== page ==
Boeing May Lose Canada’s Super Hornet Order, Yet Jet’s Outlook is Bright

Two U.S. Navy F/A-18E Super Hornet participate in an air power demonstration in the Pacific Ocean on April 24, 2013.

Mass Communication Specialist Seaman Apprentice Ignacio D. Perez

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Two U.S. Navy F/A-18E Super Hornet participate in an air power demonstration in the Pacific Ocean on April 24, 2013.

The past year has brought a trade dispute with Ottawa, a big deal with the U.S. Navy, and improved prospects elsewhere.

If Canada scraps its planned $5.2 billion purchase of new F/A-18E/F Super Hornets and buys used Australian fighter jets instead, it will be a blow to Boeing and the Trump administration. Yet the outlook for the American-made warplane has brightened this year.

Citing three sources “familiar with the matter,” Reuters reported Tuesday that the Royal Canadian Air Force would buy earlier-generation F/A-18 Hornets from Australia, which is shedding them to move up to the newer model.

The move deepens the rift between the Canadian government and Boeing. The two have been locked in a nasty trade dispute over Canada’s Bombardier C Series passenger jetliner, which Boeing and the U.S. government say was improperly subsidized by Ottawa.

“Regarding Canada or any other customer, we’re here to support them,” said Leanne Caret, the CEO of Boeing Defense, Space and Security, asked about the potential Super Hornet sale on Saturday at the Reagan National Defense Forum in California. “We have a long history and we are proud to have a partnership with the government of Canada and we look forward to supporting them in whatever decisions they make.”

A Boeing defense spokesman declined to comment on the Reuters report because the Canadian government has made no announcement about the potential sale.

In April, Boeing sued Bombardier, claiming that it was dumping its new jetliner into the U.S. market at “absurdly low prices.” In September, the U.S. Commerce Department recommended a 220 percent tariff on C Series airliners sold to U.S. air carriers. In October, Commerce’s International Trade Administration recommended an additional 80 percent tariff. A final ruling on the tariffs by the International Trade Commission is expected in February.

In June, Caret told Defense One that it was “a Boeing company decision” to challenge Bombardier. “We have been very thoughtful and pragmatic as we approached this situation,” she said, noting the company’s nearly century-long sales record with Canada.

“We view them as a key partner for us,” she said. “We look forward to continuing the dialog and continuing to demonstrate the capability that the Supers provide and why that is the right choice for them for their interim solution.”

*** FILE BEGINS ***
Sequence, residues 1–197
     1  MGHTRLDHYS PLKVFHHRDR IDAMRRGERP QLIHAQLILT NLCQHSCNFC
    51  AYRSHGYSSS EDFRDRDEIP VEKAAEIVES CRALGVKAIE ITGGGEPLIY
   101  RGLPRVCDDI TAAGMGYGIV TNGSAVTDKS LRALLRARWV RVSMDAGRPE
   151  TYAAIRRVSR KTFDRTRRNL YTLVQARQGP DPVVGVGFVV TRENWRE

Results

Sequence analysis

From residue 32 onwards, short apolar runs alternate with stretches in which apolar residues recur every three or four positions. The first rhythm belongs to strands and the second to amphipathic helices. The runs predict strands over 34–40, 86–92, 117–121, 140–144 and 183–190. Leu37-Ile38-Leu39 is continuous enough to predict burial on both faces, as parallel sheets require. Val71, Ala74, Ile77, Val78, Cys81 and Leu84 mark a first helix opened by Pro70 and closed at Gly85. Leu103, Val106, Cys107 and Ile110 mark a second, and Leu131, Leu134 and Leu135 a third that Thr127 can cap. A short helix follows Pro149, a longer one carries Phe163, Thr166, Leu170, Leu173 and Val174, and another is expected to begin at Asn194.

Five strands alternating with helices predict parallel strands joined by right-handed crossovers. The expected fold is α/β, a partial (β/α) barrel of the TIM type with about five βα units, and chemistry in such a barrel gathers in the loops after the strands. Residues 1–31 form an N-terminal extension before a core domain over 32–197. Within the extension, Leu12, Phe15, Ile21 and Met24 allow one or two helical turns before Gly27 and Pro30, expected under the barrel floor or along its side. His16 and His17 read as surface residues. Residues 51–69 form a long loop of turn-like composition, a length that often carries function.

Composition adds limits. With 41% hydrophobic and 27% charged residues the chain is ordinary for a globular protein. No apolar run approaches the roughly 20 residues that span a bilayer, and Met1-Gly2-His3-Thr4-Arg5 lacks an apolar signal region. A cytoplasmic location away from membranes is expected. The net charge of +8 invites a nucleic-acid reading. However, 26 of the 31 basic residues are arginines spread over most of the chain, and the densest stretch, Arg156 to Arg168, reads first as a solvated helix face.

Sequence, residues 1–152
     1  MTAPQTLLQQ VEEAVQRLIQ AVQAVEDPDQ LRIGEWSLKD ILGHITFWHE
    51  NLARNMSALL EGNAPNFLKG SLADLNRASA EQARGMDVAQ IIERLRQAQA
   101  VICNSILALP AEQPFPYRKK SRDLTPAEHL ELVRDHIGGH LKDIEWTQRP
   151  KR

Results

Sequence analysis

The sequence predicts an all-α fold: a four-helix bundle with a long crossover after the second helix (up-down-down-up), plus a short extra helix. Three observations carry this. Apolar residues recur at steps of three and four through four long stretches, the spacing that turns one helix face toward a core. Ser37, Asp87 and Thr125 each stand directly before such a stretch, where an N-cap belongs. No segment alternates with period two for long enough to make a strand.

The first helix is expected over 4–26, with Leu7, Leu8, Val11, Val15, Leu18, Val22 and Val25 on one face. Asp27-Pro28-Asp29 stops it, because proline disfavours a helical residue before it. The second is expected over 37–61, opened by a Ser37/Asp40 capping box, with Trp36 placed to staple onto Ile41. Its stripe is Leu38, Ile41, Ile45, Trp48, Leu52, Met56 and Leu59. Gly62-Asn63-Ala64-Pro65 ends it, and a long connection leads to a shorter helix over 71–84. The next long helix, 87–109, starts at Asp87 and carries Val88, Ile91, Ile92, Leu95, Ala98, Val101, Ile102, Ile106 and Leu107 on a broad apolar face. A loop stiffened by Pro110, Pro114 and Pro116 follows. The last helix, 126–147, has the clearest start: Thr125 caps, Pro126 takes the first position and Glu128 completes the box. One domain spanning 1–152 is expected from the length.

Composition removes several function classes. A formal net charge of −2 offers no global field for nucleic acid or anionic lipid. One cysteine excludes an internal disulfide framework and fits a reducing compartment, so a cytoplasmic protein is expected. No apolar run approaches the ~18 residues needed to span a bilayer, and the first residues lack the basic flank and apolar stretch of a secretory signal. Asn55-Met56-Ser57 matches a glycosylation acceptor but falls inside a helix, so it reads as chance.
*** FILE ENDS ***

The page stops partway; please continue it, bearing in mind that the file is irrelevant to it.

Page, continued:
From Boeing’s standpoint, losing an order for 18 Super Hornets is a small price to pay for protecting its far more lucrative sales of airliners to U.S. airlines. If the tariffs are put in place, it could prevent Bombardier’s C Series from biting into the Boeing 737’s share of the U.S. market. In the first three quarters of 2017, Boeing delivered 381 new 737s to U.S. and international air carriers.

One year ago, things were looking up for the Super Hornet in Canada. Justin Trudeau’s government decided to scrap immediate plans to buy the expensive F-35 Joint Strike Fighter. The Royal Canadian Air Force, which already flies older F/A-18 Hornets, decided to buy a relatively small number of Super Hornets — cheaper than the F-35 — while it figured out a long-term replacement plan.

But even if Canada bows out of a Super Hornet deal, the jet’s overall sales outlook has improved this year. After running low on orders in late 2016, Boeing found a customer for a newer, more advanced version of the Super Hornet: the U.S. Navy.

The Navy is planning to buy 80 of the jets in coming years to meet a shortfall in aircraft carrier-based warplanes, and that may just be a start. Boeing believes the Navy needs a total of 150 jets to meet a shortfall, according to Dan Gillian, Boeing’s F/A-18 and EA-18G program manager.

Boeing also expecting orders to extend the planned service life of about 600 existing Navy Super Hornets from 6,000 to 9,000 hours. The work will also update the cockpit and its networking capabilities, and install new fuel tanks to extend the plane’s range. Each plane’s upgrade costs about $5 million, Gillian said.

“It has quickly gone from PowerPoint and paper to real engineering that is going to lead to real flying airplanes next year,” he said in an interview last week.

Further, the firm expects to finalize a 28-plane deal with Kuwait “very soon,” Gillian said, and sees potential for Super Hornet sales in Finland, Switzerland, India, and Germany.

“It seems like there is a lot going on internationally right now,” he said.

Boeing builds about two Super Hornets per month at its St. Louis plant. At the current rate, the production line will remain hot though the mid-2020s, Gillian said. If those additional orders come through, the company could make planes there until around 2030.

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